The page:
Acting with Both Sides of Your Brain: Perspectives on the Creative Process
"Research on right and left hemisphere brain functions provides a metaphor and possibly even a physical explanation for the dual nature of the performing experience. Investigations by psychologists and neurologists suggest that the creative, non-verbal functions of the right hemisphere of the brain are equally important to our balance as whole personalities as is the dominant left hemisphere of the brain, long believed to direct logical and verbal functions. If the dominant left hemisphere can be temporarily overridden, we gain access to the creative right functions and a healthy balance occurs. It is this balance between the two hemispheres which creates the double awareness that the audience has of the performer as both actor and character. It is the balance which permits actors the simultaneous experience of emotional release and emotional control. Further study convinced the author the right-brain/left-brain approach was indeed a useful way of organizing the development of the creative processes."--Publisher description.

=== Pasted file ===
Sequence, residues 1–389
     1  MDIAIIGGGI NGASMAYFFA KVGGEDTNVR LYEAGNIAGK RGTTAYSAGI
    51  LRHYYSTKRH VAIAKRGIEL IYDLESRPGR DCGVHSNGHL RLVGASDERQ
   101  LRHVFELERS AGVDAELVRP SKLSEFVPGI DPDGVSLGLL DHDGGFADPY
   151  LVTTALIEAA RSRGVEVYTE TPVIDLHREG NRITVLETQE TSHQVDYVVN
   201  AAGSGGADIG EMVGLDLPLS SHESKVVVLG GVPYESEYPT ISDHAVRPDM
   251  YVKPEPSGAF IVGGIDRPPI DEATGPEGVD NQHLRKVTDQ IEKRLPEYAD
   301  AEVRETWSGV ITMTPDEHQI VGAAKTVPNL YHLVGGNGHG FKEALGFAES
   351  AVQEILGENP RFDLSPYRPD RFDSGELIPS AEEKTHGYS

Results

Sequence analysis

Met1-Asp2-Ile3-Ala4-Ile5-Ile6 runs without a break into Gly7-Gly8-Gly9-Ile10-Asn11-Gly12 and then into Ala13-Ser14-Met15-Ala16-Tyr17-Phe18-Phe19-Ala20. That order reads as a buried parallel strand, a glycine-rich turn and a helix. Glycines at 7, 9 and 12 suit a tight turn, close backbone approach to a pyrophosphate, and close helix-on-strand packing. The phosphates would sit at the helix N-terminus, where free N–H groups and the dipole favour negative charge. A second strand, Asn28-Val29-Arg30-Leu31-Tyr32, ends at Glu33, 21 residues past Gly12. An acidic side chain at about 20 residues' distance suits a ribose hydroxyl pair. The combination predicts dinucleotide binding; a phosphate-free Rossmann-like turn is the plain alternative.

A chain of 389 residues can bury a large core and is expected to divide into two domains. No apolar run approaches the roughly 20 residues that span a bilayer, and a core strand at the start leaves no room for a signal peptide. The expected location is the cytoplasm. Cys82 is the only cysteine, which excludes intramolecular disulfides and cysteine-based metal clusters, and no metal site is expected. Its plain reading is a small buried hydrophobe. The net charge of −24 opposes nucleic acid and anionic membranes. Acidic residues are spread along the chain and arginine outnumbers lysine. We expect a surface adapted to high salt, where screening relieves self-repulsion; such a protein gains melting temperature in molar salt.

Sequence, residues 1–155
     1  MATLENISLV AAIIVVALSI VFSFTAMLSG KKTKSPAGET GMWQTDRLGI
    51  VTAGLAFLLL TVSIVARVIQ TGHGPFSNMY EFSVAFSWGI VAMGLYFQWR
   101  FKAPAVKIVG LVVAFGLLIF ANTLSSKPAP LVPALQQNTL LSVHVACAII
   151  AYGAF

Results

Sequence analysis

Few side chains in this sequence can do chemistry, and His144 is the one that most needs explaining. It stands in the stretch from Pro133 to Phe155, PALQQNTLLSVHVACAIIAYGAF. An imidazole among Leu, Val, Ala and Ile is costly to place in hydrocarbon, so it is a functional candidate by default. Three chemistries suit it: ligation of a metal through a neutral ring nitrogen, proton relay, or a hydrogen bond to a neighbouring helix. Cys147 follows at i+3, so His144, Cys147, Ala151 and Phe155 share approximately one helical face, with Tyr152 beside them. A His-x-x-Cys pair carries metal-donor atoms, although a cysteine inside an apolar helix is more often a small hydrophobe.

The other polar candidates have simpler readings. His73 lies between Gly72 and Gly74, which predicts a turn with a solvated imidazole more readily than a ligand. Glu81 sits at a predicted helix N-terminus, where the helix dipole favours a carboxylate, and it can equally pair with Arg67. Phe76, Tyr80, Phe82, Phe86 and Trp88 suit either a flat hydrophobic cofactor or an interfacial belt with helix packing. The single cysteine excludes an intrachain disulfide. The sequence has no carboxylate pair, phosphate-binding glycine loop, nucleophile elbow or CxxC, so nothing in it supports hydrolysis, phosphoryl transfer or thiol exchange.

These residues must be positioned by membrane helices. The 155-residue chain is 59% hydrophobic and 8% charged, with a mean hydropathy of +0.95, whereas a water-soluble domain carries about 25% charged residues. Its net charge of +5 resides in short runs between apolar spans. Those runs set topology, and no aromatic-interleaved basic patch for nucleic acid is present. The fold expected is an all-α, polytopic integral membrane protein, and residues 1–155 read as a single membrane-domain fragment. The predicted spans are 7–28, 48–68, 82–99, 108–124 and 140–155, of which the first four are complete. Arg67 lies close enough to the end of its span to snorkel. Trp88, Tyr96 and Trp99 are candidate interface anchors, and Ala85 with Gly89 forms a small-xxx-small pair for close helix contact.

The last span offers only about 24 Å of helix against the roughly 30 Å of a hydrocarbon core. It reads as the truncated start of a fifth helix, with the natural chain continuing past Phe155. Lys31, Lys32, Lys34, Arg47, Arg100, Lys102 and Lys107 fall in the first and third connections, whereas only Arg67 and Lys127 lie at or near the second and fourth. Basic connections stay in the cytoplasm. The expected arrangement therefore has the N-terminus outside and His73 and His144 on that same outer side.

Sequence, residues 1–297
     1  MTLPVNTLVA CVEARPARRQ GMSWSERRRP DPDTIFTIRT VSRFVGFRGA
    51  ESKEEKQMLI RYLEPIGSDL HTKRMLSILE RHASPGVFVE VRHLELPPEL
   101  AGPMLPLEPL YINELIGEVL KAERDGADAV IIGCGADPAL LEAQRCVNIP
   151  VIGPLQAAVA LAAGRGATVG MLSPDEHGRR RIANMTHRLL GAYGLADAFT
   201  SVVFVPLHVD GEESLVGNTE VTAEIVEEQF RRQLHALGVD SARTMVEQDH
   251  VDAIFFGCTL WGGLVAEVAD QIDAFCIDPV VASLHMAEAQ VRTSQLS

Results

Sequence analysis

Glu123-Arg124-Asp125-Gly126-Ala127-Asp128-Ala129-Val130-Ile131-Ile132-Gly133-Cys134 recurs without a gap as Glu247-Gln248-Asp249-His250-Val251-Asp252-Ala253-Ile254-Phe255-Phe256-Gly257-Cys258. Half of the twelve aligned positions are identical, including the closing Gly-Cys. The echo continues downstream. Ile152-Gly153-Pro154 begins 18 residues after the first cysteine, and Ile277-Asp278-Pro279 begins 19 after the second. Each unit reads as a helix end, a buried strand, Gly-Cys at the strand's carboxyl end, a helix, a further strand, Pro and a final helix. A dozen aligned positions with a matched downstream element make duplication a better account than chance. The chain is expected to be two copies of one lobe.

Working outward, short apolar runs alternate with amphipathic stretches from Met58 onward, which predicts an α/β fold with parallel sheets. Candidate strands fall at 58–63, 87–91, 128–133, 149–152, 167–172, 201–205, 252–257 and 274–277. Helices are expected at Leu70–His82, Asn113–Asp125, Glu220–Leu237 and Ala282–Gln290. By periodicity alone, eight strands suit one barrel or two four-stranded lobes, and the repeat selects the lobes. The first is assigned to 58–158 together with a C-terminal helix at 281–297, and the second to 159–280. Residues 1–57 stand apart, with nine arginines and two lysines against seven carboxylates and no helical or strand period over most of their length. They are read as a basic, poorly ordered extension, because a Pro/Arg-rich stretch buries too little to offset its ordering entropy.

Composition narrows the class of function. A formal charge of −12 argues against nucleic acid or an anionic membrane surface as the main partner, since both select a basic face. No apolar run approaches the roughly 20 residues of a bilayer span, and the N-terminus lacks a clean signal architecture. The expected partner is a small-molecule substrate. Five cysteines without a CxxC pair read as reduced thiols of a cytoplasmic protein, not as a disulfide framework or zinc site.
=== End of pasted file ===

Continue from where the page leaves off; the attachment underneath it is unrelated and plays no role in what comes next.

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Survey Both Hemispheres
Two Brains Are Better Than One
The First Dip into Both Sides
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acting action level actor aesthetic distance appendix audience awareness beat objectives behavior black comedy body brain chapter character objectives character's circle class members class observers classmates color conscious role playing costumes create creative processes develop DISCUSSION Duperret energy environment epic theatre experience explore expression feel focus genre Georges Feydeau gestures Glass Menagerie Hotel Paradiso imagination improvisations Jessica Tandy Konstantin Stanislavsky left-brain LENNY levels of craft lines Marat/Sade mask meditation Montclair State College move MURIEL muscles Night Must Fall nonverbal obstacles partner performance person physical progressive activities radiation reactions rehearsal relationships relaxation Richard right-brain right-brain exercise right-brain functions RUTH Sam Shepard scene objective script SHEN social roles sounds space stage Stanislavsky subtext suggested superobjective Ta-ta-ta Ta-ta-ta-ta technique tempo-rhythm tension texture theatre TILLIE tions Tom Stoppard tragicomedy unconscious role playing unconsciously played roles visualize vocal voice word level York